Specifications System Type: Compact Bi-amplified 3-Way High Directivity Line Array Element Sensitivity: (2.83v/m) 97 dB LF, 101 dB MF/HF Components: 2 x 2168J 8 in. LF, 4 x 2104H 4 in. MF, 2 x 2407H HF NomInal Impedances: 8 ohm LF, 8 ohm MF/HF Horizontal Coverage (-6dB): 100 degrees nominal, 500Hz - 16kHz Power Rating: 1000W LF, 225W MF/HF Frequency Range (-10dB): 60 Hz - 22 kHz Dimensions (H x W x D): 279 mm x 787 mm - 417 mm (11 in. x 31 in. x 16.4 in.)
James Bullough Lansing was born James Martini, 14 January 1902, in Macoupin County, Millwood Township, Illinois. His parents were Henry Martini, born in St. Louis, Missouri, and Grace Erbs Martini, born in Central City, Illinois. The elder Martini was a coal mining engineer, and his work required that the family moved about quite a bit during Lansing's early years. Lansing was the ninth of fourteen children, one of whom died in infancy. For a short time, Lansing lived with the Bullough family in Litchfield, Illinois. He later took their name when he changed his from Martini to Lansing.
Not much is known about Lansing's early days, and we are indebted to Bill Martin, one of three surviving brothers, for providing most of the information presented here. Lansing graduated the eighth grade at the Lawrence School in Springfield, Illinois. He also attended the Springfield, Illinois, High School. Later, he took courses in a small business college in Springfield.
As a young lad he was very interested in all things electrical and mechanical. At about the age of 10, he built a Leyden Jar which he used to play pranks on his playmates. He also constructed crystal sets, and at one time, probably about the age of 12 or so, built a small radio transmitter from scratch. The signals from this set were apparently strong enough to reach the Great Lakes Naval Station in Illinois; naval personnel determined the source of these signals and later supervised the timely dismantling of the young Lansing's radio transmitter.
For a while Lansing worked as an automotive mechanic, specializing in fine engine repair work. He attended an automotive school for mechanics in Detroit through the courtesy of the dealer he worked for in Springfield.
Lansing's mother died 1 November 1924 at the age of 56, and at that time Lansing left home. As best we can determine, he went directly to Salt Lake City. Mrs. Lansing, the former Glenna Peterson of Salt Lake City, tells of meeting Lansing in 1925 in that city. At the time he was working for a radio station as an engineer. In addition, he worked for the Baldwin loudspeaker company in Salt Lake City for a time. He also met his future business partner, Ken Decker, in Salt Lake City.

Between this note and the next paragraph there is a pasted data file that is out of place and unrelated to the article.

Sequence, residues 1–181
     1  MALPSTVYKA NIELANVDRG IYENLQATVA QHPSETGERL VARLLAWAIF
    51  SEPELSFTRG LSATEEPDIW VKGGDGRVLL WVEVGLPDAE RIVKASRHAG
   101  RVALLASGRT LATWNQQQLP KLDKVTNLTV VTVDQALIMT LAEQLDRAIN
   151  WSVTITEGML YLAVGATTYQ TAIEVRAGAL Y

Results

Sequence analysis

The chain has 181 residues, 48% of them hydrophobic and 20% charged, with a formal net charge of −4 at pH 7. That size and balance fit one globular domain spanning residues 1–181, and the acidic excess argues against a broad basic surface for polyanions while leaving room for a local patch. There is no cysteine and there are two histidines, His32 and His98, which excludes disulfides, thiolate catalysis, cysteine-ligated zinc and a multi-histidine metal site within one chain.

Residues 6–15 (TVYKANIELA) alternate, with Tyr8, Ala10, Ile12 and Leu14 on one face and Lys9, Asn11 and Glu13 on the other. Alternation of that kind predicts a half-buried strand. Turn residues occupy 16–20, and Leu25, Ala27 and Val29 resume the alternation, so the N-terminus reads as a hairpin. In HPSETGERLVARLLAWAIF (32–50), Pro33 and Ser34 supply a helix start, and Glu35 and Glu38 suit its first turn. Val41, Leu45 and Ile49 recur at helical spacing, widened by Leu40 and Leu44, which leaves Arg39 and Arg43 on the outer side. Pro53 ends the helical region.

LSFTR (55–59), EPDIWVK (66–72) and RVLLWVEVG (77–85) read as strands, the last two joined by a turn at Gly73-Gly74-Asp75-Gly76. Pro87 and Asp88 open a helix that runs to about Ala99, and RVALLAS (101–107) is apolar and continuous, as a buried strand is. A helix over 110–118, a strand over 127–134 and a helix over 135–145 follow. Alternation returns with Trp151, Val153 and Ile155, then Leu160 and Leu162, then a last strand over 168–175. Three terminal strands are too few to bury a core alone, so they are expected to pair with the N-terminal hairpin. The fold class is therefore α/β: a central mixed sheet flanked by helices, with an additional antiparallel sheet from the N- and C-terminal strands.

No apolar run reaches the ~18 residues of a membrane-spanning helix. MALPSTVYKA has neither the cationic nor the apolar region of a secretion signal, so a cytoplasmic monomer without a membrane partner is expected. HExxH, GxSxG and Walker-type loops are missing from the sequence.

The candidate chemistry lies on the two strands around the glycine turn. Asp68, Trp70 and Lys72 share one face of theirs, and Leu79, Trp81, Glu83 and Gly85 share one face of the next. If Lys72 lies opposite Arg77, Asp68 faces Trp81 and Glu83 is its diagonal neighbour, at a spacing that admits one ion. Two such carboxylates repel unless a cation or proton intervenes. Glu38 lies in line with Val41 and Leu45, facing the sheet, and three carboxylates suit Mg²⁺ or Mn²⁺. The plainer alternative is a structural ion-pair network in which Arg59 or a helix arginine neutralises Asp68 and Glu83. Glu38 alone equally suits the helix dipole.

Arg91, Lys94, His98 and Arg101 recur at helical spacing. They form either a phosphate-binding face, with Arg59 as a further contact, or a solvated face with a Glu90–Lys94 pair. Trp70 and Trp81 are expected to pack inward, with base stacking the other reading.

- Rigging Hardware applies to all the pins, hooks and other pieces used to connect and hoist gear into place.. Used . . Used . ...Compression and Dynamics
- Compression is the reduction of the dynamic range of a sound to avoid unintentional changes and increases in the amplitude. Compression is generally used to make an audio signal sound louder without i. Used . ncreasing its peak amplitude. By compressing or limiting the peak signals, it becomes possible to increase the overall volume of the signal without exceeding the dynamic limits of a device or. Used . medium. This causes quiet sounds to become louder, while louder sounds remain unchanged....Motors
- Motors are any electrical or mechanical device used to power lifts that aid the ground support crew in placing gear up onto stages or trusses.. Used . . Used . ...Monitor
- Monitor can refer to a speaker used on stage, usually in the shape of a wedge, to enable musicians to hear each other or a studio monitor that is designed for audio production in recording, film, tele. Used . vision and radio studios.. Used . ...Audio
- Audio is the science and art of recording or reproducing sound through mechanical or electronic means. The field includes many disciplines, such as electrical engineering, acoustics, and music with de. Used . sign, installation and operation of sound recording and reproduction equipment as the focus. . Used . ...
Used Cabinet Speakers
Speaker cabinets are specially engineered units in which audio equipment such as speakers and their associated hardware are mounted into. These cabinets can be very basic affairs, little more than a wooden case with no additional features other than one port for inputting a sound cable, or they can be incredibly complex cabinets with features ranging from numerous ports and internal baffles to acoustic insulation and composite materials used in their construction.
The main point of housing loud speakers and PA speakers in cabinets is not simply to make them look neat and tidy, although that is one benefit. The cabinet actually provides a useful function in preventing competing sound waves from interacting with each other and distorting the end product. This is because the diaphragm that the speaker driver uses to create the sound we hear generates sound waves both at the front and the rear, and these will be out of sync with each other, thus creating a distortion if not dealt with adequately.
Other side effects include echo and reverberation, as the sound waves would reach the audience at slightly different times as they travel on different paths through the loud speakers towards them.
In addition to minimizing these unwanted side effects, loud speakerÔ??s cabinets also help to manage the vibrations which are caused by the driver frame, as well as the buildup of heat that is associated with amplifiers, driver voice coils and other moving components in PA speakers.